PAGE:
Marks & Spencer (MKS) has reported a 1.4% rise in first half sales to £5bn, driven by its continued outperformance of the troubled UK grocery sector.

Sales in its food stores were up 3.3% in the 26 weeks to 26 September - rising 0.2% on a like-for-like basis.

Second quarter sales were up 3.4%, compared to first quarter growth of 3.2%, and represented the 24th consecutive quarter of like-for-like food growth.

Food gross margin was down 25bps at 32.5% due to investment in pricing and the “unseasonal conditions” over the summer resulting in a small increase in the cost of waste. However, M&S said these pressures were offset by volume growth and ongoing operational efficiencies.

“Despite the ongoing competition and deflation in the food sector, we continued to outperform the market by c.3% points,” the group said. “We continued our focus on improving operational execution, delivering more choice for customers as well as working with our suppliers to generate cost efficiencies which have allowed us to invest in both product quality and lower prices for our customers.”

M&S said innovation had been a key driver of growth, with almost 900 new products introduced in the half. The opening of 32 Simply Food stores, with sales performance ahead of expectations, also helped.

The food sales boost helped M&S shares rise by 3.2% in early trading to 537.9p, the highest level the shares have traded at since mid-August.

General Merchandise sales fell by 0.4% and by 1.2% on a like for like basis, although gross margins came in much higher than predicted at 285bps after the retailer focused on “full price sales” and reduced discounting. M& sales improved by 34.2%.

The increased gross margin helped the group increase underlying pre-tax profits more than expected to £284m – a rise of 6.1%. After £68m of exceptional items, mostly made up of UK and international store reviews, pre-tax profits fell 22.7% to £216m in the half.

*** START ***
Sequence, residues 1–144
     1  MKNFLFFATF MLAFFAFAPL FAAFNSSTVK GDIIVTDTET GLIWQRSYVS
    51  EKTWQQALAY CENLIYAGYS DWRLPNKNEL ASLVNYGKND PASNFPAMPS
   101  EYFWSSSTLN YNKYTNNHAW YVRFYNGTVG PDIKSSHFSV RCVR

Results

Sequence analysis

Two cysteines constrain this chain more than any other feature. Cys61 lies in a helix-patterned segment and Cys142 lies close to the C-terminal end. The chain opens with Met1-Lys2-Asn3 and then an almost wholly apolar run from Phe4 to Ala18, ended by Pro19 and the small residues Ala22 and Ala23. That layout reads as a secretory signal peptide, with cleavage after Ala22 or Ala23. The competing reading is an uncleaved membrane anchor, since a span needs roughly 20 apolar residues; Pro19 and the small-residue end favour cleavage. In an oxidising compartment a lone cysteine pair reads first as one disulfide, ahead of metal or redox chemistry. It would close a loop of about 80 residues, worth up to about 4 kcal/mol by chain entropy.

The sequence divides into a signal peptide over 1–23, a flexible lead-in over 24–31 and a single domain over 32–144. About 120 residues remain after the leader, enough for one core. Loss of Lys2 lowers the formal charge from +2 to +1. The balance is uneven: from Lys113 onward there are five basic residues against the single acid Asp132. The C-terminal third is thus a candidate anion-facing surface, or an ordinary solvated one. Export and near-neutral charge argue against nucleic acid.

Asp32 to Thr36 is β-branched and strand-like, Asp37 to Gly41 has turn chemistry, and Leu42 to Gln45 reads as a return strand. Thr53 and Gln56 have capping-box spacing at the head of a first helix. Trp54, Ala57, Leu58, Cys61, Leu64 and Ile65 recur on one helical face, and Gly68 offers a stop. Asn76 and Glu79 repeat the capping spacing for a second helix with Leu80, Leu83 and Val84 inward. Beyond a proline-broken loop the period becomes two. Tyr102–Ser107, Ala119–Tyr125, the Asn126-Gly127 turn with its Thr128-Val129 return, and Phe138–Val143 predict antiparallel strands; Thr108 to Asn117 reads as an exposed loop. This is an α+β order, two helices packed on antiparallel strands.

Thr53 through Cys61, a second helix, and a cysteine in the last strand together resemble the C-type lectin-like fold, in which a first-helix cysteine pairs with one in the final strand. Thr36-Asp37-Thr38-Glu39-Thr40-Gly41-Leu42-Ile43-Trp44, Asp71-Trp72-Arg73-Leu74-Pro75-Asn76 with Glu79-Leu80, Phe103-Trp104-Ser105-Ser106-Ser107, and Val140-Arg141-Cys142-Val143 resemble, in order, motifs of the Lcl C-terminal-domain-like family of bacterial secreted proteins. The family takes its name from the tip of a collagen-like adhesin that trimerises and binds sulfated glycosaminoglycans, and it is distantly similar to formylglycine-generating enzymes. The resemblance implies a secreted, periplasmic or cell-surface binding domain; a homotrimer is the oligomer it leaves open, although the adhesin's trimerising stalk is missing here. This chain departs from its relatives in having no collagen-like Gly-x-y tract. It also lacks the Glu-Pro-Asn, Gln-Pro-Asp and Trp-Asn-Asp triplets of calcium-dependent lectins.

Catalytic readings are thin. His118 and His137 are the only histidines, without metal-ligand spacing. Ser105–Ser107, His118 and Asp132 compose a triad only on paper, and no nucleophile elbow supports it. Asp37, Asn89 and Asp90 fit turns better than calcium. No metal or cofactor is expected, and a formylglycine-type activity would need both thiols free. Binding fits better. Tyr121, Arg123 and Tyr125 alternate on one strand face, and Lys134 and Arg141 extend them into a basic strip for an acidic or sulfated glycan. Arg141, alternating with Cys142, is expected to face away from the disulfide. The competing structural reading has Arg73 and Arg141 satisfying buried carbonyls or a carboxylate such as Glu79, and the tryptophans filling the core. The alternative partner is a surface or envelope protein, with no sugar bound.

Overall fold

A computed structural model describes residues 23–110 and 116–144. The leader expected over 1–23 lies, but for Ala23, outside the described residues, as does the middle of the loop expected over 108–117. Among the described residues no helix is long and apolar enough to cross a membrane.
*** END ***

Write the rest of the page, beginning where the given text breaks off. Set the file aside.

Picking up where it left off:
CEO Marc Bolland said: “We delivered good underlying profit growth in the first half and made strong progress against our key priorities.

“Our food business again outperformed the market by over 3% points as our focus on quality and innovation continues to set us apart. In general merchandise we decided to improve profitability by focusing on gross margin, delivering another significant increase, which in part resulted in slightly lower sales. As a consequence of good performance and strong cash generation we have decided to increase our dividend.”

International sales slipped 0.9% to £506.6m in turn leading to operating profits overseas plunging more than 50% to £24.7m.

In terms of outlook, M&S said: “Despite some improvement in consumer confidence, market conditions continue to be challenging in both the UK and the international markets. Our short-term priorities remain the same: food sales growth, GM gross margin improvement, improved GM performance and strong cash generation.”

M&S shares are up by more than 30% over the past year, but have slipped from their eight-year high of 600p reached in May.

Shore Capital analyst Darren Shirley commented: “We‎ cannot deny that we would much rather be writing about stronger GM trading from M&S, so seeing through the positive momentum that commenced at the start of calendar 2015… Against these constraints M&S has a cracking Food operation where underlying performance is strong in a difficult UK market with sustained gains in market share, alongside what we deem to be aforementioned good capital management, which provides us with comfort.”

John Ibbotson, director of Retail Vision added: “Profits may be up, but this progress has come at a dangerously high price – M&S has begun to sacrifice quality in its core womenswear battleground.

“M&S’s successful food business continues to be a useful ‘get out of jail’ card, but its ability to save the brand’s skin is being undermined by food deflation. With like-for-like food sales up by a paltry 0.2%, the weakness in the clothing operation is becoming ever more exposed.”